This post is for those of you who, like me, have children in primary school or children who are about to enter primary school. It’s worth knowing some questions to ask that will give you a better idea of the provision on offer. However, you must tread gently. If you asked your mechanic how she intended to fix your car then she would probably be delighted to explain at some length, but children are not cars, they don’t need fixing and teachers are not mechanics. It’s a messy, human affair. And decades of perceiving that politicians and the media are against them makes many teachers defensive. So use these questions but address them sensitively.
1. What’s your behaviour policy?
This is probably worth talking about before you send your child to a school. There is no right answer other than that the school should have a policy, it should be clear and it should not rest on the misguided notion that children are inherently good and will behave well if taught in the right way. Most teachers are pragmatists and will have systems in place, although it is important that you ascertain that these are supported by the school leadership and that you will be comfortable with them applying to your child.
You might want to pose a scenario, “What would happen if a child kept pulling my daughter’s hair?” This will move the conversation from the abstract to the concrete.
It is worth being aware that behaviour has quite a lot of ideological baggage. Some people are morally against poor behaviour attracting negative consequences – look out for the word ‘punitive’ here. There is a school of thought on this which is best articulated by Alfie Kohn who brooks neither rewards or punishments – they are ‘coercive’. If this aligns with your values then great but, if not, you want to uncover these ideas pretty quickly.
And be aware that such discussions can quickly become emotive. For instance, evidence is clear that for many tasks, seating children in rows is more effective than the ubiquitous groups we find in primary schools, especially for the most vulnerable and easily distracted students. But you should never mention this within one kilometre of a primary school because you’ll be looked at as if you just proposed placing all the kids in cages.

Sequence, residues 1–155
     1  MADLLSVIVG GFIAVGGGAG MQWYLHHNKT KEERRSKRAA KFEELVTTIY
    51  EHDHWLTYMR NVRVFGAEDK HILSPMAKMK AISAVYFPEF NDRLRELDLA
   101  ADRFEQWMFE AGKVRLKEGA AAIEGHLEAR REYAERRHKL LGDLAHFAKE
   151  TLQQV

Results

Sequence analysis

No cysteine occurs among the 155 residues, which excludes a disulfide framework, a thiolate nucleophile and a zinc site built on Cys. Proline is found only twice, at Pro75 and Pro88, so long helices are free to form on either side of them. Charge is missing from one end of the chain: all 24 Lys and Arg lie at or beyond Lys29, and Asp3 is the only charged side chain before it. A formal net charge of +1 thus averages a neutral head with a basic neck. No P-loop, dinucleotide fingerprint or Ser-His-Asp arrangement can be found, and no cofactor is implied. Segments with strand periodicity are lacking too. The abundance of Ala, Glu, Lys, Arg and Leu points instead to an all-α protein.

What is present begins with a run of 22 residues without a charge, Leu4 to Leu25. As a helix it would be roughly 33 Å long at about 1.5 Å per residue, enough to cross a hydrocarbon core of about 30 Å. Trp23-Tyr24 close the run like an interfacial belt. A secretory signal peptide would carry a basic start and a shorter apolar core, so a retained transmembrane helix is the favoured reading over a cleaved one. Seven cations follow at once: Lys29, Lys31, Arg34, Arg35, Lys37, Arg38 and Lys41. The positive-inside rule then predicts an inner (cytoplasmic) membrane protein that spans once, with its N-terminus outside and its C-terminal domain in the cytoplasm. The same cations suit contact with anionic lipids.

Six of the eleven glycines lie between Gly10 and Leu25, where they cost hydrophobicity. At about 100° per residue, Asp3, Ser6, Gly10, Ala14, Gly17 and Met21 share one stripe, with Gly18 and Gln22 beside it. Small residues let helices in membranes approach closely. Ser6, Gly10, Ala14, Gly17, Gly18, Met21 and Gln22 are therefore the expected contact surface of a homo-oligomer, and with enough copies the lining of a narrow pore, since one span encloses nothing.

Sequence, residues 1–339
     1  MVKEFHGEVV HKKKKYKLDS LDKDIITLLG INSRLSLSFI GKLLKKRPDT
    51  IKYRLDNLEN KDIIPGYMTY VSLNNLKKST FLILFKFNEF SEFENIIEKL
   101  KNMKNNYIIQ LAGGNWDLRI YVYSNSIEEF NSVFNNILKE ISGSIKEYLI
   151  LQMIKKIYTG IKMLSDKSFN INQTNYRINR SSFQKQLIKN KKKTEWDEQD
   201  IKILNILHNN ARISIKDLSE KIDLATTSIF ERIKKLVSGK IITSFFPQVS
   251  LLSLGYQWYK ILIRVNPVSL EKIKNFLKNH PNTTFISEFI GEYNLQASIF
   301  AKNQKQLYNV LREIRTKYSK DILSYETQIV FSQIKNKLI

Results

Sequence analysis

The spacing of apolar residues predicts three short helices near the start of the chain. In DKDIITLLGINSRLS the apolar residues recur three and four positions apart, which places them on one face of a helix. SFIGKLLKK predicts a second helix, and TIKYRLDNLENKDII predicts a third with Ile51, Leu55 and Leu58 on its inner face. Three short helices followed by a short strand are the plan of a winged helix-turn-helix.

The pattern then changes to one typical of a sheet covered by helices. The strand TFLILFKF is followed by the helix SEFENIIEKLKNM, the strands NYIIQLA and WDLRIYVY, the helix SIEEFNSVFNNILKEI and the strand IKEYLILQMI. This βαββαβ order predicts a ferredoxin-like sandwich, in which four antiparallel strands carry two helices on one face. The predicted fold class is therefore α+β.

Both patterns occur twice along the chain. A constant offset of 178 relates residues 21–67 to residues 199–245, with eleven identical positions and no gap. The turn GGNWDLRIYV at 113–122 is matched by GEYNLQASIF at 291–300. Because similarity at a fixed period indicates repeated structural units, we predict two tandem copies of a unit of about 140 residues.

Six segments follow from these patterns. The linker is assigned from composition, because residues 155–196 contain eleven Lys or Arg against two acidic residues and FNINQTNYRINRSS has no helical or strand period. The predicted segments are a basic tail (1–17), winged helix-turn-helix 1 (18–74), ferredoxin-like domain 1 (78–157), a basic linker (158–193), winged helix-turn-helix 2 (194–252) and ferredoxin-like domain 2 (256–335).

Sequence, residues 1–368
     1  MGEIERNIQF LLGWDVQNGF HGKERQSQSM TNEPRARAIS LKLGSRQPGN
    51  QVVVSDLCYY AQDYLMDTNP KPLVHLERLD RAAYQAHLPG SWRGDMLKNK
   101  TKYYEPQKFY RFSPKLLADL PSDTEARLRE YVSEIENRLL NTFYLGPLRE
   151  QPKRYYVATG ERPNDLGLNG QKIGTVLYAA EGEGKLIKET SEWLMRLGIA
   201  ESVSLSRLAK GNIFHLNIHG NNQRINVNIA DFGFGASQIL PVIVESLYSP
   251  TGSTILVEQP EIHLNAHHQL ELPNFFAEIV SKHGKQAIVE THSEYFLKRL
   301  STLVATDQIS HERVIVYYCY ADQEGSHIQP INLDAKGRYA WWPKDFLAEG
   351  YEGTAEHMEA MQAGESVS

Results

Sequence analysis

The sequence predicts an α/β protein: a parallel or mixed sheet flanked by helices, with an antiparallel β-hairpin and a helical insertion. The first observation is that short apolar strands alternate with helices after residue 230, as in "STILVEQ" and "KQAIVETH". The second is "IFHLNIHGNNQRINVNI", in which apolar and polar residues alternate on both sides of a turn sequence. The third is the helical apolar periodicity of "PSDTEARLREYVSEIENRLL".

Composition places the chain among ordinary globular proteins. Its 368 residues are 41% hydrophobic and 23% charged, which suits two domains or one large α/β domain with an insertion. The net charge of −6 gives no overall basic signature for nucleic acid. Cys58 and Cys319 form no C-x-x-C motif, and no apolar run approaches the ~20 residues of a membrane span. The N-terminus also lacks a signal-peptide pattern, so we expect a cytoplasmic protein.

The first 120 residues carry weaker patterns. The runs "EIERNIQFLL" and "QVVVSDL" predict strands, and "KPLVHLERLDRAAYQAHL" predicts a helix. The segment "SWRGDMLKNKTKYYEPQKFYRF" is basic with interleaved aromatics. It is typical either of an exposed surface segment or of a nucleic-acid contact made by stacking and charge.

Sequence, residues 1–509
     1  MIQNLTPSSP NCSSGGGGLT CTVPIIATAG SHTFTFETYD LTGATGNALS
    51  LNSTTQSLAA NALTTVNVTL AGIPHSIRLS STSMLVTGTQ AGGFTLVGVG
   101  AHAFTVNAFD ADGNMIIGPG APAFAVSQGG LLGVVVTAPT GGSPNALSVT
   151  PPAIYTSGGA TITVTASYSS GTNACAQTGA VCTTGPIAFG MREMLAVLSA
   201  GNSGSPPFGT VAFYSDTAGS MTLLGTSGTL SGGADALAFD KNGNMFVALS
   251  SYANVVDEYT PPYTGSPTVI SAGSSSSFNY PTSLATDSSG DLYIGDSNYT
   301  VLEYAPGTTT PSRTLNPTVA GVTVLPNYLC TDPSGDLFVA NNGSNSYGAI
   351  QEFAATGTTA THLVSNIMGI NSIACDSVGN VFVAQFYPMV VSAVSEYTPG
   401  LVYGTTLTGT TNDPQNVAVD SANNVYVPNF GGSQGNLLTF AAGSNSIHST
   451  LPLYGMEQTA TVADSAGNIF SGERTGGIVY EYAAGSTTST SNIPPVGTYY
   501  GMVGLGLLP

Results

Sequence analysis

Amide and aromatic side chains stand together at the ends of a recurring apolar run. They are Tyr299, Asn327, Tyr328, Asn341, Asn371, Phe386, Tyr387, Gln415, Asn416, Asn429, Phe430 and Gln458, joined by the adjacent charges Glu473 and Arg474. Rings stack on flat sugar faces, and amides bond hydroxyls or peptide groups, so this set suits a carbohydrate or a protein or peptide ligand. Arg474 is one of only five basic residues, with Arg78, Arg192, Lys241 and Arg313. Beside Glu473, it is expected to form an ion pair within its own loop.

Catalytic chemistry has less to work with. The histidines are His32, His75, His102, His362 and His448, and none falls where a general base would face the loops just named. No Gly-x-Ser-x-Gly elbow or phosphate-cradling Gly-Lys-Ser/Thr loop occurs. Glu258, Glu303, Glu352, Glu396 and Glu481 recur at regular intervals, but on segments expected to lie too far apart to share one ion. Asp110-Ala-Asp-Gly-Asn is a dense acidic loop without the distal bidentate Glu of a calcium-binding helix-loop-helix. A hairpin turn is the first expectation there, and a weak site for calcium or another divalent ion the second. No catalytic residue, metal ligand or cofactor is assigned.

2. How do you teach reading?
There are two points to understand about reading instruction: Some methods are more effective than others but many children will learn to read even with poor teaching. It becomes a more pressing issue for struggling readers but it also likely that good instruction will lead to improved spelling and pronunciation of novel words by the students who would learn regardless. So reading instruction is important – I would go so far as to suggest that it is the most important thing that primary schools do.
It is likely that you will be told that the school uses a balanced approach that includes phonics. But frankly, this could mean almost anything and so you’ll need to dig a little deeper.
A key part of learning to read is being able to translate graphemes – combinations of letters on the page such as ‘ou’ – into phonemes which are the sounds that these graphemes represent. English is complicated in this regard because a number of graphemes map to more than one phoneme (the ‘oo’ in ‘boot’ versus the ‘oo’ in ‘look’ and so on) and a number of phonemes are represented by more than one grapheme (e.g. ‘ai’ and ‘ay’). This leads some people to conclude that it is all a nonsense and that children should just learn whole words instead. Yet this is quite illogical. No matter how many grapheme-phoneme relationships there are, they are limited and are far fewer in number than the total amount of English words.
If your child’s teacher doesn’t know what graphemes and phonemes are then this should ring alarm bells. Moreover, the evidence is quite clear (see national reports here, here and here) that the best way to teach these relationships is in a planned, systematic way that brings in a small number of new relationships at a time; a method often called “systematic synthetic phonics” or SSP. However, some approaches to phonics take ‘real’ or ‘authentic’ books as their starting point and only deal with letter-sound relationships when they arise in the context of these books. These two broad methods were specifically evaluated against each other by Snow et. al. for the U.S. department of education in 1998 and, as we might expect, the former was found to be more effective.
If your school is giving out lists of ‘sight’ words for students to learn then this is a whole-word approach which is quite at odds with the use of phonics. I wouldn’t be too concerned if it is a small number of ‘non-decodable’ words such as ‘the’ (‘the’ is quite decodable but this is the sort of thing that people say). However, when these word lists start to stretch into the 100s, I would worry.
When asked about reading, some schools might stress the importance of comprehension. A child might be able to decode a word using phonics but then not know what this means or understand the context in which it is being used. A lot of time is then devoted to reading comprehension strategies which provide some initial benefit but this benefit does not continue with further training. Ultimately, the key to comprehension is gaining increased knowledge of the world.
In part II of this post, I will outline three more questions that it may be worth asking.
You can find Part II here.